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Tennessee Among Riskiest States for Drivers

Because of where you live, even the safest drivers behind the wheel may be taking huge financial risks every time that they drive. According to a new report, auto insurance requirements still vary widely among the states, and this report ranked all fifty states, plus the District of Columbia, from the safest to the riskiest based on the auto insurance requirements of each state.

Risky Driving Report

The report ranked the states by awarding points based on the minimum coverage requirements for the mandatory forms of auto insurance in each state and also the percentages of uninsured drivers in those states. In addition, it gave points to the states that required other forms of coverage, such as personal injury protection (PIP), medical payments coverage, or uninsured motorist coverage.

Results of the Report

The report found that Maine is the safest state to be a driver and has the most stringent requirements for auto insurance. It requires minimum bodily injury coverage per person of $50,000 and per accident of $100,000 and minimum property damage coverage per accident of $25,000. Maine was followed closely by North Dakota, New York, Maryland, New Hampshire and Utah for their strict auto insurance requirements.

Florida ranked last on the list for only requiring minimum bodily injury coverage per person of just $10,000 and per accident of $20,000 and minimum property damage coverage per accident of $10,000. Coming in just ahead of Florida at the bottom of the list were Oklahoma, New Mexico, Mississippi, California, and Tennessee.

Other Issues Affecting Driving Risk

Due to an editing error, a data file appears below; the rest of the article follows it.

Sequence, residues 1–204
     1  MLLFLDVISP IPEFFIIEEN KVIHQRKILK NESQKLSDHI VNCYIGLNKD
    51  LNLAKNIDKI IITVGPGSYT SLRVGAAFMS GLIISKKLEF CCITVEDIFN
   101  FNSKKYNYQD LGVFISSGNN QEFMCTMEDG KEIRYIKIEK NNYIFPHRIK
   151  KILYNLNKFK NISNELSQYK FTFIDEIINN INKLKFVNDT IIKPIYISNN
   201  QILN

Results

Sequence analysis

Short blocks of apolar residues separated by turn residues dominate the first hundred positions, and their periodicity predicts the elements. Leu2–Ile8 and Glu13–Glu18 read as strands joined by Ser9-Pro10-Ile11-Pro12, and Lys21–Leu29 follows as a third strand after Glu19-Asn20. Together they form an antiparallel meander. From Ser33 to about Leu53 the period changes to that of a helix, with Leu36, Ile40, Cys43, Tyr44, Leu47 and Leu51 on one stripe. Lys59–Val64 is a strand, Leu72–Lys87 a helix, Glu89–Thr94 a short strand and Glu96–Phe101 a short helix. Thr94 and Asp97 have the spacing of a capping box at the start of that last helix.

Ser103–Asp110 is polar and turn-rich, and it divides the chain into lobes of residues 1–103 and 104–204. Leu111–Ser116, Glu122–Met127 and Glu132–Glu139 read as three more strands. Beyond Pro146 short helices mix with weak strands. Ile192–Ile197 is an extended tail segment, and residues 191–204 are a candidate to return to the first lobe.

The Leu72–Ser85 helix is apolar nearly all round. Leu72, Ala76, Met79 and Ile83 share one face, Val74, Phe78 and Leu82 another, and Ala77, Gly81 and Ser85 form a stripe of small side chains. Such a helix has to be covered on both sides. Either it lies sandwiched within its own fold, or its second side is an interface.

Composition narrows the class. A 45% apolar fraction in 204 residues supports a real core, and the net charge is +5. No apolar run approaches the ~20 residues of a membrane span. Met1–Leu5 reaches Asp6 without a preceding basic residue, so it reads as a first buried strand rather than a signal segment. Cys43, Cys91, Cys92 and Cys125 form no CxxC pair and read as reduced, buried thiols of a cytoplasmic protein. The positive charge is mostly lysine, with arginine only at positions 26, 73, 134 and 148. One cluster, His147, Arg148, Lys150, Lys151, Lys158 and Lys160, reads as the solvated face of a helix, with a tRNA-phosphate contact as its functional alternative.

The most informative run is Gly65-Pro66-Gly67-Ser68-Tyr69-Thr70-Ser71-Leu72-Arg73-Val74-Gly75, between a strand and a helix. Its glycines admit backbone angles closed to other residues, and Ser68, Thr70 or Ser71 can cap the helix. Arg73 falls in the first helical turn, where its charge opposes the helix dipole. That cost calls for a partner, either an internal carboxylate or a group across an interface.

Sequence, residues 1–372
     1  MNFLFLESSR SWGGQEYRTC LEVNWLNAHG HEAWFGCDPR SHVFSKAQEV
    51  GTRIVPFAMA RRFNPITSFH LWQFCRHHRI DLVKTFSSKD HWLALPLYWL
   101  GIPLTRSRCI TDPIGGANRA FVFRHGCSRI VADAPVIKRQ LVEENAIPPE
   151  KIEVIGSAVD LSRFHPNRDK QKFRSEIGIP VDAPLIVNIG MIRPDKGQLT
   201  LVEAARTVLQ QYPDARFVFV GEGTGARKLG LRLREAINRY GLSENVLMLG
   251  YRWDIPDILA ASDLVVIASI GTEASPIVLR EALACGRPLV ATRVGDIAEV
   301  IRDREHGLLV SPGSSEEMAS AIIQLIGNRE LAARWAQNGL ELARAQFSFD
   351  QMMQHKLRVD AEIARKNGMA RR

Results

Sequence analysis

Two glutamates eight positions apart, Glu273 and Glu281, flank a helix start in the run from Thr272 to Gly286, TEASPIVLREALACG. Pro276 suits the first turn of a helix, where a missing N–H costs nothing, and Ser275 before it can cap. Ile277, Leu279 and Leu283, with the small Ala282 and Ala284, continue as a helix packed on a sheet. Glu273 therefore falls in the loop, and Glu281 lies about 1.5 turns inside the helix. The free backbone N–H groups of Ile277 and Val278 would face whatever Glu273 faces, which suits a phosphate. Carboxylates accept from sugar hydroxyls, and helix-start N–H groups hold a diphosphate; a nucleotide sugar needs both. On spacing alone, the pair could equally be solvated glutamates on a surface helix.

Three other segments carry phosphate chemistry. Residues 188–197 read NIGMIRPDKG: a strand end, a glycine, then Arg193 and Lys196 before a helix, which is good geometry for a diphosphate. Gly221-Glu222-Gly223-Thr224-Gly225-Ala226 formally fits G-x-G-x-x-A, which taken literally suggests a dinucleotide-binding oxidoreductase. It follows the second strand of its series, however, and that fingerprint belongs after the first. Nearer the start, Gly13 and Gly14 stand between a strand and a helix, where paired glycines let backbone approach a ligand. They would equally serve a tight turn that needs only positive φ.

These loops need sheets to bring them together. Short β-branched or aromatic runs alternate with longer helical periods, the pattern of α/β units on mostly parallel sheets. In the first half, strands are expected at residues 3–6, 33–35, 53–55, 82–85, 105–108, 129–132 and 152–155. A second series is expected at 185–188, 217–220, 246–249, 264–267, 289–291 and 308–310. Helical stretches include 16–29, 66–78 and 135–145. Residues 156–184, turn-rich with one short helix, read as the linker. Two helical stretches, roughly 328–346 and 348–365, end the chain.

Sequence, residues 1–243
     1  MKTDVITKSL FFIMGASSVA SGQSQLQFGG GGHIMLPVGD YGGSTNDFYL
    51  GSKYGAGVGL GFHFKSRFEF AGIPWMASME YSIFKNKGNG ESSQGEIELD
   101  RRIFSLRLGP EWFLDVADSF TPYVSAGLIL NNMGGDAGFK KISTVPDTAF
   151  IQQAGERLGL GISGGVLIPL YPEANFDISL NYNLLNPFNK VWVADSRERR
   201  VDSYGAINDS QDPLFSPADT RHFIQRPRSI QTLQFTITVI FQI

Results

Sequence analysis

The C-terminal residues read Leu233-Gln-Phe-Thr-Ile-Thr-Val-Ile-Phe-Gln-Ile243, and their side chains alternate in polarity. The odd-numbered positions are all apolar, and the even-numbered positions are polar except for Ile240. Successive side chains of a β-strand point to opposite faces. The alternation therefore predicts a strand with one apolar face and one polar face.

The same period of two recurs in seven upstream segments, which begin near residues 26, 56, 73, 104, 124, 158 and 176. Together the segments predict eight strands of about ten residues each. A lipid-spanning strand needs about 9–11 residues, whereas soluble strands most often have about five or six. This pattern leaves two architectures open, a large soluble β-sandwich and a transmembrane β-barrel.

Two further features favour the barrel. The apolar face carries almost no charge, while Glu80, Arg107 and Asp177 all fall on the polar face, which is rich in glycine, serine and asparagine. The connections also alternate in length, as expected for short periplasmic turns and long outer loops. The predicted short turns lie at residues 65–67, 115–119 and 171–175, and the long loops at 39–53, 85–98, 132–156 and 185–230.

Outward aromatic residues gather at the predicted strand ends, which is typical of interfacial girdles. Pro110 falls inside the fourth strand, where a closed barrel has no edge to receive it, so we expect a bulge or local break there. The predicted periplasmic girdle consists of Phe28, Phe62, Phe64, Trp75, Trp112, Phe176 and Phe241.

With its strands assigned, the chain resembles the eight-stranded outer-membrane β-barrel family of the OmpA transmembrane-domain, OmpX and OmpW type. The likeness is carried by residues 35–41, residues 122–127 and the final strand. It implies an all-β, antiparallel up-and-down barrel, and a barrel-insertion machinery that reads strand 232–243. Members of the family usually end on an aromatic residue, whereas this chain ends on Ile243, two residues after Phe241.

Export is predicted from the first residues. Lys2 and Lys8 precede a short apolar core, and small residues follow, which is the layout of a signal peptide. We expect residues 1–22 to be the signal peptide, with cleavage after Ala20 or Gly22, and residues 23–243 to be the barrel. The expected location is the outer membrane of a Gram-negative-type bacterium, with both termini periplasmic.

Additional factors also affect driver safety in each state, and they were not included in this report. For example, the state laws that govern a driver’s financial liability after an accident vary widely. Fifteen states and D.C. have bans on handheld cell phone use, and 44 states plus D.C. explicitly ban texting on a phone. There is no state that completely bans the use of a cell phone, but some states have said that drivers who cause accidents while distracted may be liable for additional damages.

In Tennessee specifically, the state bans text messaging while driving, teen drivers on cell phones, and school bus drivers on cell phones. However, the state has no statewide handheld cell phone ban, comprehensive distracted driving law, or state preemption on cell phones.

Another differentiating factor is the difference in accidents between rural and urban areas. “Crashes in rural areas tend to be more severe because there are undivided two-lane highways,” says the director of traffic safety research and advocacy at the American Automobile Association. “We also see higher rates of impaired driving in rural states.” Rural areas accounted for 53% of the fatal crashes while urban areas accounted for 46% of the fatal accidents.

Call a Tennessee Personal Injury Lawyer

If you or someone that you know has been injured in an auto accident or been pushed by an insurance company to settle their claims in the Nashville area, let the experienced lawyers at Calhoun Law, PLC help. Call or contact the office today for a free and confidential consultation of your case.

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